Google is building tools to predict when you'll get sick.
The company is applying its machine learning expertise, which it originally developed for consumer products like Translate and Image Search, to health care. To get there, it worked with hospitals, including Stanford Medicine, UC San Francisco and The University of Chicago Medicine, which stripped millions of patient medical records of personally identifying data and shared them with Google's research team, Google Brain.
"We can improve predictions for medical events that might happen to you," said Katherine Chou, the head of product at Google Brain, in an interview with CNBC. "We have validated the data and seen promising results." Those results will not be released until a formal review process.
Hospitals are increasingly under the gun to keep patients healthy and out of the emergency room. Increasingly, health systems are shifting away from "fee for service" models, in which they get paid for pricey tests and procedures, to "value-based care," where they're rewarded for improving health outcomes. That shift is a big opportunity for Silicon Valley's technology companies and startups, which are working with existing data to help hospitals take proactive steps to keep their patients healthy.
So, for instance, a computer might soon determine the likelihood that certain patients will acquire a potentially life-threatening disease like sepsis, or end up being readmitted after being discharged from the hospital.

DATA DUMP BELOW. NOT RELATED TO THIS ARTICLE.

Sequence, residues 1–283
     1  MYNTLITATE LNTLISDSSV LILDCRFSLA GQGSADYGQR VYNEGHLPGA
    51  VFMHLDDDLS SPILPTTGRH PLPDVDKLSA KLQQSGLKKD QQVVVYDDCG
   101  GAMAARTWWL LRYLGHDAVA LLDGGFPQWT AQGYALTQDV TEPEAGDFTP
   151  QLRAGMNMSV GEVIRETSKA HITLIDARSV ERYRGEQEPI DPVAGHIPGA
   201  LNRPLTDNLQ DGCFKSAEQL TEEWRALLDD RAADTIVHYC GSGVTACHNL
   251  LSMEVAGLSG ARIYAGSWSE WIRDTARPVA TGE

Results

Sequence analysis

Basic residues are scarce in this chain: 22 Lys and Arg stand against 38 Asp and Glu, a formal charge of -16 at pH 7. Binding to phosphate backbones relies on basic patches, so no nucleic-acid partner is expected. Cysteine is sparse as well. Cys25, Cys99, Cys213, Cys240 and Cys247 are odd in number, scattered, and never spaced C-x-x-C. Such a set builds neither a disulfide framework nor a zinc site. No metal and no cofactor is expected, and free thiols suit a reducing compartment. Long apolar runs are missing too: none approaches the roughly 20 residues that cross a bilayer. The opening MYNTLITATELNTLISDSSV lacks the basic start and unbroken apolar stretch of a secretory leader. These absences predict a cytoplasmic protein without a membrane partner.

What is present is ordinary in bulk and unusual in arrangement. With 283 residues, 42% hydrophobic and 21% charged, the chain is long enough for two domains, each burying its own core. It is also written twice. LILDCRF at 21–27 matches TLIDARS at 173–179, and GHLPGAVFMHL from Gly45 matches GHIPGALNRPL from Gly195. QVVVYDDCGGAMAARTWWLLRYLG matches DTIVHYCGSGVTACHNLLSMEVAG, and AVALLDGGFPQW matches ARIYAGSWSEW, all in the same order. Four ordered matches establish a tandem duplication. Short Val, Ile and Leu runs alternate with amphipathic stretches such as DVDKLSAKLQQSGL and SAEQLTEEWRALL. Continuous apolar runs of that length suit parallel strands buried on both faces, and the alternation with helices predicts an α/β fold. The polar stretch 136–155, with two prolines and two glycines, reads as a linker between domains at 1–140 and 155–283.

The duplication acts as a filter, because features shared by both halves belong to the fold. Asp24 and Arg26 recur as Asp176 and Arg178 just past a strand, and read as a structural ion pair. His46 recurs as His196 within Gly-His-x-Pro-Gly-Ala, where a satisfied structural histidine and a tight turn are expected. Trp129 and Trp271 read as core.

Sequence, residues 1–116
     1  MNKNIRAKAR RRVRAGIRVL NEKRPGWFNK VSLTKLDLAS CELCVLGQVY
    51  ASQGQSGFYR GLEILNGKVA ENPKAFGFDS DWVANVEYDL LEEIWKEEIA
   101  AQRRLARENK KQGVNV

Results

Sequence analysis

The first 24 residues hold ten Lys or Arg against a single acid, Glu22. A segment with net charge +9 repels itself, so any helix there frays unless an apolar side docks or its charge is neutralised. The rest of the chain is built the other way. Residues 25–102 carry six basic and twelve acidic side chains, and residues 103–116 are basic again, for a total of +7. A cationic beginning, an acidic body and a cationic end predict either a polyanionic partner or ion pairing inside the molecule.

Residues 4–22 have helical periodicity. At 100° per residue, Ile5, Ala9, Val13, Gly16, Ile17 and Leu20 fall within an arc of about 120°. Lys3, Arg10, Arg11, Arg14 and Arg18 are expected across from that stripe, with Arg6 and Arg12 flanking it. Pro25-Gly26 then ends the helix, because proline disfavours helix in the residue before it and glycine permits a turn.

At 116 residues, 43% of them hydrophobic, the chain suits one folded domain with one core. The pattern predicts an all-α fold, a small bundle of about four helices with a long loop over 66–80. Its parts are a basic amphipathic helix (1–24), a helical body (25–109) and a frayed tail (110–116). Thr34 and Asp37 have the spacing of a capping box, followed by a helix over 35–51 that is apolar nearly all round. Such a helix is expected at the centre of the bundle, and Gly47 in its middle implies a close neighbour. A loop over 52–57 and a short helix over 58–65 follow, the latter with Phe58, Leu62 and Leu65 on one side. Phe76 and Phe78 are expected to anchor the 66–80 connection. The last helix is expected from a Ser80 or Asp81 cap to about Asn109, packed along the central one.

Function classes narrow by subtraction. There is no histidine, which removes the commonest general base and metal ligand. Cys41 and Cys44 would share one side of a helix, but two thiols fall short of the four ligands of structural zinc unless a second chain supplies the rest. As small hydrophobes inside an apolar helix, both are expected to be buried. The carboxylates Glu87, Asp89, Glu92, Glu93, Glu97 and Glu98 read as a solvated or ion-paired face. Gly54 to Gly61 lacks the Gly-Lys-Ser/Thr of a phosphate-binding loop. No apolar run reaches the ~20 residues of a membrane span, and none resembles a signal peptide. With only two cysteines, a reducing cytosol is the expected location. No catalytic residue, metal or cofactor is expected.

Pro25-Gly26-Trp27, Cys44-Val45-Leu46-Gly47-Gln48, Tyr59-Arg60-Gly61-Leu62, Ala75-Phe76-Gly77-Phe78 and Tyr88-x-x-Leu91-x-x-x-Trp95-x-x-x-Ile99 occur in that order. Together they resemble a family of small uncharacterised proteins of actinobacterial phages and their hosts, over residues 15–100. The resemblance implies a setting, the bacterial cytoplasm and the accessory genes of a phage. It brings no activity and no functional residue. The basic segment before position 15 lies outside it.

The advance also addresses a big problem in medical specialties like radiology and pathology, where clinicians are saddled with a massive amount of information and too little time. Even a well-trained human eye can occasionally miss something.
Many of the top hospitals have their own technology teams, but they pale in comparison to the computing talent at Google. For Atul Butte, director of the Institute of Computational Health Sciences at UCSF, the draw was Google's amazing in-house machine learning expertise.
Butte said the project "bubbled up" because UCSF has a wealth of medical data, including admissions reports, medical records, diagnoses, lab results and so on, but it has not yet mined this information to make predictions about patient outcomes.
"This isn't a research project," he said. "It's more of a scientific collaboration around improving the quality of care for patients."
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